Court Cases

The court cases page provides a brief summary of the legal cases related to hydropower licensing. It also provides links to the summary and the court decision for each case.


1.    Alabama Rivers Alliance v. FERC
325 F.3d 290 (D.C. Cir. 2003)

Issue. Was the installation and operation of the three new turbine generators at the project an activity which may result in any discharge for purposes of § 401(a)(1) of the CWA?
Holding. The licensee must obtain a new or amended water quality certification under CWA section 401(a)(1) if the replacement of the generators will alter (either increase or decrease) the quantity of flow discharge.

2.    American Rivers v. FERC
129 F.3d 99 (2nd Cir. 1997) (American Rivers I)

Issue. Can FERC reject conditions contained in a State water quality certification?
Holding. FERC cannot reject any certification conditions timely imposed by the State.

3.    American Rivers v. FERC
201 F.3d 1186 (9th Cir. 1999) (American Rivers II)

Issue 1. Does the FPA require FERC to consider a pre-project baseline for purposes of environmental review?
Holding. FERC is not required to employ a pre-project baseline of the river’s

Issue 2. Does FERC have to consider denial of license as an action alternative?
Holding. Even though FERC must analyze a reasonable range of alternatives, it is not required to prepare a lengthy evaluation of denial of license if denial is not considered a reasonable alternative for a particular proceeding. FERC may identify the no action
alternative as continuing project operation under the terms and conditions of the current

Issue 3. Can FERC reject or modify a section 10(j) recommendation?
Holding. Even though FERC must address each recommendation, FPA § 10(j) authorizes FERC to determine how to incorporate or reject each recommendation.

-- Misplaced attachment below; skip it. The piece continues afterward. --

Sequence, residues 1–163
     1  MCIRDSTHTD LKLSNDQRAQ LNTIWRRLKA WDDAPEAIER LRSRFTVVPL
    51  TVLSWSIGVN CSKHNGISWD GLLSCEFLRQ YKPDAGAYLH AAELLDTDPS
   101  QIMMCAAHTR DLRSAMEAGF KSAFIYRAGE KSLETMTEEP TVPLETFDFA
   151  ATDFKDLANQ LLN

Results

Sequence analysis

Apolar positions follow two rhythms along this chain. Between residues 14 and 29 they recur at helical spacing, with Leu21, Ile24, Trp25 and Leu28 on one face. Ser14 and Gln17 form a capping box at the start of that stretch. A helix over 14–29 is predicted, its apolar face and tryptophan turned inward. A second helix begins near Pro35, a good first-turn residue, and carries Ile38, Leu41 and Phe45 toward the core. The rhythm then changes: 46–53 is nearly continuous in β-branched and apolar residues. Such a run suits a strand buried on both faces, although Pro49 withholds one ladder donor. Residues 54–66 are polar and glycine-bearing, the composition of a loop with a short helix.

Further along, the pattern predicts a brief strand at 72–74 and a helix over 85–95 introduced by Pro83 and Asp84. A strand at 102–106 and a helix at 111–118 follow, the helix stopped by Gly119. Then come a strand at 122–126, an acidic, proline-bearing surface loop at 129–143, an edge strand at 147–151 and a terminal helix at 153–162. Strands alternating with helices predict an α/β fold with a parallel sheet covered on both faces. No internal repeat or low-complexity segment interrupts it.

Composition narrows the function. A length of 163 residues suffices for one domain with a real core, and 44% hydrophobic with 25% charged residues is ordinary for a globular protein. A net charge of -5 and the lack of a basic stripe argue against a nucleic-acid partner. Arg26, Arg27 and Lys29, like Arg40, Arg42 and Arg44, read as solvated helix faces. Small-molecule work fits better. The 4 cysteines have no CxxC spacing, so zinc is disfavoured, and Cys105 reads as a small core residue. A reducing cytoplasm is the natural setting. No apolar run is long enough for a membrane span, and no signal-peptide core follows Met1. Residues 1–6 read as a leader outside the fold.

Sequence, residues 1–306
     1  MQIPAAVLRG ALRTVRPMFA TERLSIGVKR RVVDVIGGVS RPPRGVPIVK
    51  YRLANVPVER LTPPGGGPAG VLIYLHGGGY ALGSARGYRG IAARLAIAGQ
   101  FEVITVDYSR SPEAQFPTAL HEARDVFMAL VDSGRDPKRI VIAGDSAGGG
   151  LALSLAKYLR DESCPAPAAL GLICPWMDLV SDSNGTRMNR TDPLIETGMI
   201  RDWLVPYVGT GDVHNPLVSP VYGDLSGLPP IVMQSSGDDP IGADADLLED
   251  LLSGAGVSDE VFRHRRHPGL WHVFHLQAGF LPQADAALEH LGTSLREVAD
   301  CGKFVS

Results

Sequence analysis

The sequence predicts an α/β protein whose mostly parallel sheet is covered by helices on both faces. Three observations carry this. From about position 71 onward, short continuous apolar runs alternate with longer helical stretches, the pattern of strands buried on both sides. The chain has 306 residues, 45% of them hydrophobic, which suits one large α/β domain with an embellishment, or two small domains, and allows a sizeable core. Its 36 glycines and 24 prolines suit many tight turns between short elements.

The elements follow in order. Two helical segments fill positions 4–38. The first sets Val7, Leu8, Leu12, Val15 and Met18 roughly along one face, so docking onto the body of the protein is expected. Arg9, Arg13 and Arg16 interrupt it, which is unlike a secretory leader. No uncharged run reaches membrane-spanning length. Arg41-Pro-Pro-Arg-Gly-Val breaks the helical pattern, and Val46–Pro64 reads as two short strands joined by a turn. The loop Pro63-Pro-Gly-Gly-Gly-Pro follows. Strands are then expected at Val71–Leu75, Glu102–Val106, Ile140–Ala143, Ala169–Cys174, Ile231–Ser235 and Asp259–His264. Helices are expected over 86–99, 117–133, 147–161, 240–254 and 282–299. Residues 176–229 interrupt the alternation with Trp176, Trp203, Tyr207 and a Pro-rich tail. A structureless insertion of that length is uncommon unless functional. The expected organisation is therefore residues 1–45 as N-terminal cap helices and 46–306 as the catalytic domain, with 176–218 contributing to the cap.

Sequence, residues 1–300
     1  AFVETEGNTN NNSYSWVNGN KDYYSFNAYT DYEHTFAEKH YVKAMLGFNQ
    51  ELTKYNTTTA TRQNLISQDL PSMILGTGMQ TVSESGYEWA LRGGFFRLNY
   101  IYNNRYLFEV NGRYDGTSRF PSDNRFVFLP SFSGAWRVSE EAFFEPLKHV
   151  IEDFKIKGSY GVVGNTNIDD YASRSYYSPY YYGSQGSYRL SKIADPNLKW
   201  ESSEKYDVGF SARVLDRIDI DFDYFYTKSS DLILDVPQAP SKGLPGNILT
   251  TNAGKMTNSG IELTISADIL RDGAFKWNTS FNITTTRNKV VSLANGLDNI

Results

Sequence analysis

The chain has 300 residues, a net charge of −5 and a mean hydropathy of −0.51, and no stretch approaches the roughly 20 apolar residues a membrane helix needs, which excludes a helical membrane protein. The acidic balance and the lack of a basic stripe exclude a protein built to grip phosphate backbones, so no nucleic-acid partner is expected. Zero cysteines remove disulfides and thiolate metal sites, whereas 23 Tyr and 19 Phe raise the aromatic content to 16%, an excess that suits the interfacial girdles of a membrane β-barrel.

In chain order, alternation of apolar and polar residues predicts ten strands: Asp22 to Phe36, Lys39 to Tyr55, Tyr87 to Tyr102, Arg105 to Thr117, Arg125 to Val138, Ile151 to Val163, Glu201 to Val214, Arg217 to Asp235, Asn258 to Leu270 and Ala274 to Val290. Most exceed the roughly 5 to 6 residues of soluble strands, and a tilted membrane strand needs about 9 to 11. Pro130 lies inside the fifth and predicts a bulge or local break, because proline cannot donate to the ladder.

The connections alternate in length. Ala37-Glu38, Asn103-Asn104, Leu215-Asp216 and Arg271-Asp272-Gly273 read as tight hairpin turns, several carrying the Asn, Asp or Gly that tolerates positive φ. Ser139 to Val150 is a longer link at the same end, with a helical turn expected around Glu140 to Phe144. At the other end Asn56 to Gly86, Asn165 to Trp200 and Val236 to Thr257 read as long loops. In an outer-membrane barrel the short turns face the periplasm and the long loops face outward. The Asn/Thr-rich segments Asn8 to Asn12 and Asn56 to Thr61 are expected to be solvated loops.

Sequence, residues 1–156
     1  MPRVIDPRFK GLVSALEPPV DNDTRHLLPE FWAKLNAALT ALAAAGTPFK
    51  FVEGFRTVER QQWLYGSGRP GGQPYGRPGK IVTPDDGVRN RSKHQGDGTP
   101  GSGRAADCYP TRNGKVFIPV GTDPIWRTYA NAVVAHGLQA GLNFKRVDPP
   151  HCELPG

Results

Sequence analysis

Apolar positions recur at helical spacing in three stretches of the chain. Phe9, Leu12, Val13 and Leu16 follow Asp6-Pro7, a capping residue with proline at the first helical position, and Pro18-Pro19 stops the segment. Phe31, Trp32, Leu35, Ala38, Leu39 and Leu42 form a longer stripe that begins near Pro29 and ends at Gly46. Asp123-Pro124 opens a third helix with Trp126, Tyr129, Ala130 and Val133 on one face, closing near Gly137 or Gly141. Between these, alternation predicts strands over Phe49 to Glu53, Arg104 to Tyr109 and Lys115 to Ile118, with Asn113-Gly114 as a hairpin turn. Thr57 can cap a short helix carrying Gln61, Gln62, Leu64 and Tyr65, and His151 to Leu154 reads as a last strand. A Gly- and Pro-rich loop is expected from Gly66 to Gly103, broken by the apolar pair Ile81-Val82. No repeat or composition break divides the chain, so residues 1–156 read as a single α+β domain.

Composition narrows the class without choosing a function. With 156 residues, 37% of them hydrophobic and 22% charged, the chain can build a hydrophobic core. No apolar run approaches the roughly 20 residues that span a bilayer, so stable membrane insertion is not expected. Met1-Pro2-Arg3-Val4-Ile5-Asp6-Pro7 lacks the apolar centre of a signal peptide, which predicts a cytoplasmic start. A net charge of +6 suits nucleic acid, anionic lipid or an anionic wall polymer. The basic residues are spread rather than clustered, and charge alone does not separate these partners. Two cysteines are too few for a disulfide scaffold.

Issue 4. Can FERC reject a fishway prescription made pursuant to FPA § 18?
Holding. FERC may not modify, reject, or reclassify any § 18 prescriptions submitted by the Secretaries.

4.    Bangor Hydro-Electric Company v. FERC
78 F.3d 659 (D.C. Dist. 1996)

Issue. Was FERC or the prescriptive agency the proper party in a § 18 fishway dispute?
Holding. A fishway prescription included in a FERC order may only be challenged in a petition identifying FERC as the respondent because FERC is the real governmental
party in interest.

5.    California Trout, Inc. v. FERC
313 F.3d 1131 (2002)

Issue. Does a licensee have to obtain State water quality certification for an annual license?
Holding. Annual licenses are not subject to the requirement that licensees obtain State water quality certification.

6.    California v. FERC
495 U.S. 490 (1990)

Issue. Does FERC have exclusive jurisdiction to determine the minimum flow schedule for a hydropower project?
Holding. FERC has exclusive jurisdiction to set the flow schedule for a hydropower project to the extent that the schedule provides for non-proprietary uses of water.

7.    Escondido Mutual Water Co. v. La Jolla Band of Mission Indians
466 U.S.765 (1984)

Issue 1. Can FERC reject the Secretary’s 4(e) conditions?
Holding. For licenses located within reservations, FERC must include, without modification, the conditions the Secretary deems necessary for the adequate protection and utilization of such reservation.

Issue 2. Does the Secretary’s conditioning authority extend to projects that affect but are not located on reservation lands?
Holding. FPA § 4(e) obligations and the conditioning power of the Secretary apply only to the specific reservation upon which any project works are located and not to other
reservations that might be affected by the project.

Issue 3. Do licensees have to obtain the consent of Indian Tribes before they operate licensed facilities located on reservation lands?
Holding. FERC is not required to seek the Bands’ permission before it exercise its authority with respect to their lands.

8.    Keating v. FERC